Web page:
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U.S. History

George Henry

George Henry has taught AP United States History in the public and private schools in Salt Lake City Utah since 1985. He is currently on the faculty at East High School, and an Instructor in the Department of History, at the University of Utah.  George has been a consultant for the College Board in AP U.S. History and served on numerous College Board Committees. He has been reading AP U.S. history exams since 1991. He was a member of the Social Studies Vertical Teams Development committee, and has been a contributing writer of the Special Topics for Social Studies Vertical Teams. George recently completed the 2010 edition of the AP Achiever Guide for Glencoe McGraw Hill and was a co author of the Teacher’s Edition of America’s History published by Bedford-St. Martin’s Press in 2014 Currently, George is serving as a College Board National Trainer.  His most recent project is a joint partnership between the Salt Lake City Public Schools and the University of Utah, to teach AP U.S. History strategies to at risk students. George is currently working in the Granite School District in Salt Lake City as a teacher Intervention Specialist working as a teacher mentor for new and experienced Social Studies and AP teachers to improve their instructional practices. He recently celebrated his 43 year in the classroom.   

Course Description

The Institute will include specific teaching strategies to improve the quality of our AP courses, and boost students’ test results. We will examine teaching methods to help students acquire critical reading and analytic writing proficiency.We will look for ways to eliminate busy work from our daily assignments. In our time together we will focus on course organization beyond the typical chronological, review new course materials and explore ways to successfully utilize AP Central. We will look at effective alternatives to lecture and discussion. Additionally, part of our time together will find ways to make our AP U.S. History courses accessible to diverse students, models of equity and excellence, and ways to be inclusive of students who typically have not taken AP courses. We will focus on best practices to help students prepare for and successfully complete all parts of the AP U.S. history exam—multiple choice, short answer, long essay question and Document Based Question.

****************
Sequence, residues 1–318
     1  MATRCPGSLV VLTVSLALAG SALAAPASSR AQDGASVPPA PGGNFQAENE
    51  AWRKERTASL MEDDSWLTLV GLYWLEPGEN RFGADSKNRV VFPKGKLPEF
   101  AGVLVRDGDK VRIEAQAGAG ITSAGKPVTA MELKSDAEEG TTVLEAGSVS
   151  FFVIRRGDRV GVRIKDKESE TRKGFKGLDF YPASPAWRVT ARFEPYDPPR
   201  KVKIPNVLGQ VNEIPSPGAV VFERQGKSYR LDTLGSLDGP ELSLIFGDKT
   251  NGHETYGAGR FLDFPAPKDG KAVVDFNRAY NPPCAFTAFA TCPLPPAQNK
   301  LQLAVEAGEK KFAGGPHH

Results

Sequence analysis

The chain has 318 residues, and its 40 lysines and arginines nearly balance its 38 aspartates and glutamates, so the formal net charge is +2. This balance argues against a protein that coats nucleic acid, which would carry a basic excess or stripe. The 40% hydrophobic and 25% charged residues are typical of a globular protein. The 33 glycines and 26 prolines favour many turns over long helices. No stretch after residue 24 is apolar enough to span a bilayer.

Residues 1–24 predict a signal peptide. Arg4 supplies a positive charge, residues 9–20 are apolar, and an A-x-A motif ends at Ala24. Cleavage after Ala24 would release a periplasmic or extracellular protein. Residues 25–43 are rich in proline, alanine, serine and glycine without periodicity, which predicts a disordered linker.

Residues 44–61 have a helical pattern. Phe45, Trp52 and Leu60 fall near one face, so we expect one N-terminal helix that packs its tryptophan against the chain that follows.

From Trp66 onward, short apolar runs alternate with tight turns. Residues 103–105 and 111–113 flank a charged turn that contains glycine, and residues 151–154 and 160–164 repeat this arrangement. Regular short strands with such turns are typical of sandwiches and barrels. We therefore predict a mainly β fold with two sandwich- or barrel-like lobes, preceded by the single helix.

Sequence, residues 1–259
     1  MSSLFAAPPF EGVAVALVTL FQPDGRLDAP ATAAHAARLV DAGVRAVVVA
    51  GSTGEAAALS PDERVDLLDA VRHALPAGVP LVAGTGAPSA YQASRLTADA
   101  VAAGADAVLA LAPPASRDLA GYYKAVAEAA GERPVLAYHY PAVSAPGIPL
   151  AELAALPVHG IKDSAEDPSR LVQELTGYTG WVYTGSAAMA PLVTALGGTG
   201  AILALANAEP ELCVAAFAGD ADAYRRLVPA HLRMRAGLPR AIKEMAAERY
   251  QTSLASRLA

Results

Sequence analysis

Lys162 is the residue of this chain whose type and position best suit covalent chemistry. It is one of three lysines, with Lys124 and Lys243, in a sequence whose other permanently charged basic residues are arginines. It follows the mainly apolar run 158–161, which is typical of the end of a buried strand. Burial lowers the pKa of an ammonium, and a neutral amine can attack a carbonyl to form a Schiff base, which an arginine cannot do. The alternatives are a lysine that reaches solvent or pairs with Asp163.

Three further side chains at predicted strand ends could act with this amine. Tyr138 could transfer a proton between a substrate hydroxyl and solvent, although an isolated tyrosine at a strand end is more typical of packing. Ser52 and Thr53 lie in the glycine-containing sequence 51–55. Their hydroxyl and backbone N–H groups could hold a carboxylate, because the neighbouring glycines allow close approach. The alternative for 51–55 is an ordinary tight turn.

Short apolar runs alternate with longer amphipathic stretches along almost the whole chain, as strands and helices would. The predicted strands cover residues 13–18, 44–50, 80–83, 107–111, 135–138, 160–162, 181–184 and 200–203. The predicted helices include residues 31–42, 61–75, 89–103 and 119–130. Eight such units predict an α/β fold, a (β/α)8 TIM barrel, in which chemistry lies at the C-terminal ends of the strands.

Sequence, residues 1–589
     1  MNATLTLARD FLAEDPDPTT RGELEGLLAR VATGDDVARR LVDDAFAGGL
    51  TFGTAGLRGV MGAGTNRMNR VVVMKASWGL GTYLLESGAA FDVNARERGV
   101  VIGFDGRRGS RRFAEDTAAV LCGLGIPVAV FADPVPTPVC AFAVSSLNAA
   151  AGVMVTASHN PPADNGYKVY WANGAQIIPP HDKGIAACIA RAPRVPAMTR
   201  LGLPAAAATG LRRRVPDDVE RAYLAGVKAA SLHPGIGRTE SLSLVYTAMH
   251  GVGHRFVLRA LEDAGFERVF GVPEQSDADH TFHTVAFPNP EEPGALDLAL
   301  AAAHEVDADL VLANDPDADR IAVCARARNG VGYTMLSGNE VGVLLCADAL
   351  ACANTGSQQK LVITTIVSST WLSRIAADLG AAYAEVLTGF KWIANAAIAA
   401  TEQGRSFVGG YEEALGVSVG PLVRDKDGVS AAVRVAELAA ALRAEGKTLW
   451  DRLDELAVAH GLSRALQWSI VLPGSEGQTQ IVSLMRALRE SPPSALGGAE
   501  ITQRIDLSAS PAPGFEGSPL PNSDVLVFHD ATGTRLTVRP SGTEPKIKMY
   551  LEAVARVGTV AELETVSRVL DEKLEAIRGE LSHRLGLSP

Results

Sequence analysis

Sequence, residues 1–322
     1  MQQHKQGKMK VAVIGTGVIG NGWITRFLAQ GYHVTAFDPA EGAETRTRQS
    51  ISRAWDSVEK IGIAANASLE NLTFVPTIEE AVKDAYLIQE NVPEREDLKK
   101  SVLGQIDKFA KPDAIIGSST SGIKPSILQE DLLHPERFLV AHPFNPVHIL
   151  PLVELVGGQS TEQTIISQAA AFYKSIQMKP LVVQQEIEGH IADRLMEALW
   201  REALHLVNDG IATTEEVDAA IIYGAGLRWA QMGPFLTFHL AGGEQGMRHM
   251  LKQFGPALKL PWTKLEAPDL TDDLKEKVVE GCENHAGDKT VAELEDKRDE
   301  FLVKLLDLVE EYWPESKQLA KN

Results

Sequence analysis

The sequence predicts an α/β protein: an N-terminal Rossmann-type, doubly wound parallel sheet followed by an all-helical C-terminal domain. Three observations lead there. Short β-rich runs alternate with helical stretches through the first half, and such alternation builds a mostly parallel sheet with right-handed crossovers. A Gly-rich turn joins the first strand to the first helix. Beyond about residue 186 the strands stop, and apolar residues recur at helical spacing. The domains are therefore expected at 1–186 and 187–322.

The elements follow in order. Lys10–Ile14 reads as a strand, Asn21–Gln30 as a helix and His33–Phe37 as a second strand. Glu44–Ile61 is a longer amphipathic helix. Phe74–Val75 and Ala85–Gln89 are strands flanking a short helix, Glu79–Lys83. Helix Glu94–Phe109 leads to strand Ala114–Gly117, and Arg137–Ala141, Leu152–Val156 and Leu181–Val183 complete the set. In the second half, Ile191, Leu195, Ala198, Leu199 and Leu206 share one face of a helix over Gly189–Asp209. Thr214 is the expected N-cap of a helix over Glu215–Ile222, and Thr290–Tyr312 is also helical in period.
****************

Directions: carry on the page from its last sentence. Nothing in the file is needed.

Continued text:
Agenda

Day One- Understanding the Course and Exam

(Lessons 1,2,3,4,5*)

-Welcome and Introductions

-AP Historical Thinking Skills and Reasoning Processes and the AP U.S. History Course

-Developing Student Understandings

-Understanding the Unit Guides

-Integrating the themes and chronology for AP Courses 

Day Two- AP Historical Thinking Skills and Reasoning Processes

(Lessons 6,7,8,9,10*) 

-Exploring the Unit Guides

-Developing an AP Pedagogy

-Analyzing Primary Sources

-Analyzing Secondary Sources 

-Contextualization

Day Three-Teaching the AP U.S. History Course

(Lessons 11,12,13.14, 15*)

-Making Connections: Comparison

-Making Connections: Chronological Reasoning

-Argument Development

-Sequencing the AP U.S. History Course

-Selecting Resources to Support Teaching AP U.S. History

Day Four- Planning Your Course

(Lessons 16, 17, 18*)

-Strategies for Teaching AP U. S. History

-Assessing Student Understanding

-Collaboration Time: Sharing Best Practices

-Curricular Requirements to complete the Audit Process

*Lessons are from the AP U.S. History Course and Exam Description